We have the most amazing chicken coop ever! It is a 2 car garage with an attic for storage. We divided it in 2 so we could raise chicks and the turkeys on one side and have the other side with full access to outside. In both we built roosts for the chickens to sleep at night on. It is the coolest chicken roost, fitting all 104 chickens and roosters as snug or as spacious as they prefer. The roost could actually comfortable fit closer to 200 hens, but don’t let my husband hear me talking like that ;)
We are south of Forest Grove and right off of B Street and Hwy 47, we have some pretty brazen coyotes. They come right into the buffalo barn sometimes. Oh yea, I didn’t mention the buffalo. Check out www.LBarTBisonRanch.com . This is my family’s farm. My husband, Tom, grew up raising buffalo and we still do. They have a gift shop where you can buy every cut of buffalo you can get from beef. We sell our eggs year round at the gift shop. Back to the coyotes…
We knew we’d need to protect the chickens from coyotes and even feral cats. (I will be posting a plea for people to not abandon their dogs and cats in the countryside sometime in the future as well.) Sitting chickens make easy meals for hungry wild animals. So the hens are completely fenced into their yard. We do let them out to wander the entire farm and to “mow the grass” when we are out there. This fall we found cracking a pumpkin open in the pen worked well to get the hens to come back in from roaming, if only we had pumpkins year round, it’d never be a problem.
The coop has electricity so we can regulate lighting inside. This is great for the laying hens as they will lay more in the winter time. It’s also great for me because I don’t have to collect eggs in complete darkness. Without 16 hours of daylight we can go a full month without 1 egg. We were down to getting only 1 or 2 a day during the darkest days, but someone was always trying.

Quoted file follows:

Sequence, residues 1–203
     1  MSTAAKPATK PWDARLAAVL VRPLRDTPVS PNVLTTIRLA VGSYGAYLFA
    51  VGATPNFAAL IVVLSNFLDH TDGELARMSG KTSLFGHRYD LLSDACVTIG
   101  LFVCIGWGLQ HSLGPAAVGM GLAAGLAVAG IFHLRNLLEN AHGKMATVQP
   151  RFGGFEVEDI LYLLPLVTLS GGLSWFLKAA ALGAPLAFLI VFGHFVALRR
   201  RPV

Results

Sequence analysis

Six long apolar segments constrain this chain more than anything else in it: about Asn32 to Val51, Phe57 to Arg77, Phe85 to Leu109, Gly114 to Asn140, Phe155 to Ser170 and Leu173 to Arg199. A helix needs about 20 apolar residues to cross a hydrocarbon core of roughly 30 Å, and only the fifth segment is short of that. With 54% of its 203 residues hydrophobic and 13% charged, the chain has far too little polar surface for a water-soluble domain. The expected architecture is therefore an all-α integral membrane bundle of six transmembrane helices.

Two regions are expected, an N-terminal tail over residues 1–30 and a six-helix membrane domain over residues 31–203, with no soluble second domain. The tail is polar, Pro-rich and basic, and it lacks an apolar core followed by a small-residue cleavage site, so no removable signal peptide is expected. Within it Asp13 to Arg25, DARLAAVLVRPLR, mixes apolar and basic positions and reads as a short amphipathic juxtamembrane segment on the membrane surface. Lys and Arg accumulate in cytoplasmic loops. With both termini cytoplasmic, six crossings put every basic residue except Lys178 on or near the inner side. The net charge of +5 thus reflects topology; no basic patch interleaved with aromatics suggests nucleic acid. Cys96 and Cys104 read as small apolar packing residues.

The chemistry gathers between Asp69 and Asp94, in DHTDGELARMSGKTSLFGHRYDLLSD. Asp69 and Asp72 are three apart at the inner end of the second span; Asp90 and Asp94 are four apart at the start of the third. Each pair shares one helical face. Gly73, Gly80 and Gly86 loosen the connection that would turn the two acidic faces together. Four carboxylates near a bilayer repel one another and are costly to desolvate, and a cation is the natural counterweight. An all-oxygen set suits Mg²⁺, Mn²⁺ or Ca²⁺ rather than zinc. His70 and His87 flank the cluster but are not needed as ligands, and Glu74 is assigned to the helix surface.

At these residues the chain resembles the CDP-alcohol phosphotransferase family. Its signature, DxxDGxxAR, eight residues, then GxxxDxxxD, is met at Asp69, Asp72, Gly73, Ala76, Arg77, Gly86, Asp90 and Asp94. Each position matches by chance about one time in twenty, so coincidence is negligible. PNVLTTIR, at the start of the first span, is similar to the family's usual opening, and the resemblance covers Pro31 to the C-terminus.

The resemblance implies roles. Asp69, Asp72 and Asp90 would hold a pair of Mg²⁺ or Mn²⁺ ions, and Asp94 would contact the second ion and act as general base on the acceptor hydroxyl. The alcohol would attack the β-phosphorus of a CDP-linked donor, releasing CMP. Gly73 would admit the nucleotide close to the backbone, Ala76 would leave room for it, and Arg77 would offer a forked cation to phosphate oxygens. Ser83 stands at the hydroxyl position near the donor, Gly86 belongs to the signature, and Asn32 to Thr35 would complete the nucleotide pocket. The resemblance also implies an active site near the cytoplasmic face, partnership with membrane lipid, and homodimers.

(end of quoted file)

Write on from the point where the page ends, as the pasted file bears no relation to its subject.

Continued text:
We like to allow the girls to go broody and with the second pen, we may be able to let a few of the hens actually set a clutch this year. You have to be careful as hens get jealous of each other and steal chicks. Also the roosters become aggressive towards the chicks so you have to keep them away from them. With the second pen, these hens and their chicks would be safe.
Many small chicken farmers can relate to the countless hours spent chucking poo out of their coop. Trust me I have done this over and over again, for YEARS!!! But we don’t do that anymore. The Shoppe has 2 garage doors we swing up and we just drive the smallest tractor we have right in. My husband on the loader and me with a pitchfork can clean the coop out in ½ hour tops. The most labor intensive part is getting behind the roost to throw all that poo forward. However, we use bark mulch so the carbon to nitrogen ratio is fairly perfect for active composting in the coop. We brought in a lot more shavings than I thought necessary to begin with, but it turned out to breakdown over the course of 3 months so there were no recognizable bark pieces left. A local landscaper/pruner brings loads of mulch for the farm, win-win as he gets rid of it and we get to use it. We plan on using this compost for our garden this year. It broke down really well so there isn’t really that much of it, but a little dab will do ya. The circle of life starts with the poo and never ends.
We are working on several ideas including growing veggies for our family and the Forest Grove Farmer’s Market. I’ll let you know when we get that up and running as well.
Thanks for checking in on the chickens,